maria thereza alvez

A BALLAST FLORA GARDEN

 
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A Ballast Flora Garden: Weeksville Heritage Center, opening on May 12th explores Weeksville's history in two ways; its namesake, James Weeks, who worked on docks as a stevedore and the propagation  process of Africans brought to this country, also by boat, to becoming native to the United States.

Weeksville Heritage Center, in collaboration with Vera List Center at The New School, Pioneer Works, and The Highline, welcomes artist Maria Thereza Alves to Brooklyn as she brings her traveling environmental installation, Seeds of Change, to the United States for the first time. Seeds of Change is an ongoing investigation of ballast flora in the port cities of Europe and has been developed for Marseilles, Reposaari, Dunkirk, Exeter/Topsham, Liverpool, Bristol and Antwerp.

Ballast was loaded onto sailing ships to stabilize merchant vessels so that they could sail efficiently. Ballast such as sand, stones, earth, bricks and whatever else was economically expedient/ cheap and easily available would be especially needed with lightweight cargo which could leave the ship floating dangerously above its water-line and therefore liable to capsize or, as a result of uneven distribution of different/variously weighted cargo, cause the ship to tilt to one side.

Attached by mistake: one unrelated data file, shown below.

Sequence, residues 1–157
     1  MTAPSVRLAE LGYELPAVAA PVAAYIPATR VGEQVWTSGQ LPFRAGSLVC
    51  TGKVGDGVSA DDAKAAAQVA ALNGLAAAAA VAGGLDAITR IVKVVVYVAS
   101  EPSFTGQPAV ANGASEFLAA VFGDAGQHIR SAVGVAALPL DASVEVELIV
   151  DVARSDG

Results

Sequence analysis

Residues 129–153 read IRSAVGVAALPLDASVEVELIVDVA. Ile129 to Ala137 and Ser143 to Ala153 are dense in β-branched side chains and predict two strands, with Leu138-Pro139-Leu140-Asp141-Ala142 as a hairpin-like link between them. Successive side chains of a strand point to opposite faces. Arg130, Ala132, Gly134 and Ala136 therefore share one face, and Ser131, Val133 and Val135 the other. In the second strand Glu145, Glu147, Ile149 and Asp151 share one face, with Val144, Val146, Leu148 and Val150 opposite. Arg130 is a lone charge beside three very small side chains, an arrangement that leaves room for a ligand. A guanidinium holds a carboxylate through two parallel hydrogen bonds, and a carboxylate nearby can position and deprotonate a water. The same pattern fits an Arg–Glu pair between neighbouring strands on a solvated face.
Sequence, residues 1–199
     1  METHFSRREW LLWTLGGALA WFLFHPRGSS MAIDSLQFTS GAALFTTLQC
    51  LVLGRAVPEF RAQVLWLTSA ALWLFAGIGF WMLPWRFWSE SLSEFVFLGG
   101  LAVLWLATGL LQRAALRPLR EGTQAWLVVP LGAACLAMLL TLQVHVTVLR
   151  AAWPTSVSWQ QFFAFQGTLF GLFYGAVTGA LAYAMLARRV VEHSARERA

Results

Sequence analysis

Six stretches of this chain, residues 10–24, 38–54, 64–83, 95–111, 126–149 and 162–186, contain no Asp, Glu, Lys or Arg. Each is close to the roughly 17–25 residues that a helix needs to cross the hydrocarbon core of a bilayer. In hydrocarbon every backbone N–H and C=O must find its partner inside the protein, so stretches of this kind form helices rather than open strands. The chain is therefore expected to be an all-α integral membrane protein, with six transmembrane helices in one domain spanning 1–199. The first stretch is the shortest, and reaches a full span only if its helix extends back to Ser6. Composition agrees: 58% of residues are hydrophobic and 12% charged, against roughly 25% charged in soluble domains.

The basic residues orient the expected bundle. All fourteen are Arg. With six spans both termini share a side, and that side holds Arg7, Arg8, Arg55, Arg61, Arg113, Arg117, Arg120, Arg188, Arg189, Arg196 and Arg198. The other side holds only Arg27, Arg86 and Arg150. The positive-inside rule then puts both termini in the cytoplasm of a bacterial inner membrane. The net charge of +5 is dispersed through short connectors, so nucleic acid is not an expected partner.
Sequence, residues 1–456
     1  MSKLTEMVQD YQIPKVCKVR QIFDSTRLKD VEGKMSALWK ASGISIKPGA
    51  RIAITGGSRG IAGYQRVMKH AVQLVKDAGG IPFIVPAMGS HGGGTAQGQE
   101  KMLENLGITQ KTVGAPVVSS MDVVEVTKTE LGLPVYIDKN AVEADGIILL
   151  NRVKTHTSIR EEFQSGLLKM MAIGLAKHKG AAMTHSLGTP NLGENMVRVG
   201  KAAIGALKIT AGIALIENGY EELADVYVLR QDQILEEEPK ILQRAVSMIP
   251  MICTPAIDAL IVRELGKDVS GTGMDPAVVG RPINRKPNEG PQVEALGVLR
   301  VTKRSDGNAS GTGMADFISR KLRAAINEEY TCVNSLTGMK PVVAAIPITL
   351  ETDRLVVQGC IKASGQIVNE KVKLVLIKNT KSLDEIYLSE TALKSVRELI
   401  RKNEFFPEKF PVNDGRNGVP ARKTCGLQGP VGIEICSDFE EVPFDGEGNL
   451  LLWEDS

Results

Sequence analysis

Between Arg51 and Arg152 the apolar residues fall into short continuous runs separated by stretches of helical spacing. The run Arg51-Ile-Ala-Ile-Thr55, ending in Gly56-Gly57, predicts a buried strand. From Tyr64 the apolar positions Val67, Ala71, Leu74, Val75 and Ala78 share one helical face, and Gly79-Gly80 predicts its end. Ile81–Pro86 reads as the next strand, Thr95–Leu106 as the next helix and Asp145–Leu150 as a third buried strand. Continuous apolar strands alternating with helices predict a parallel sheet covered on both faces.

Along with the ballast which was picked up in any port in the world, seeds accidentally came. Upon arrival in port, the ballast, along with the seeds, was unloaded. The seeds found a new home and some of them grew. The source of these seeds can be any of the ports and regions (and their regional trading partners) involved in trade with Europe. These seeds were not so much hiding in the bottom but coming along for the ride.

History, people and flora align powerfully for this project  Much like the ballast seeds, the residents of historic Weeksville came from all over to put down roots and build an intentional community.  And just as the ballast seeds, they and their descendants grew and flourished.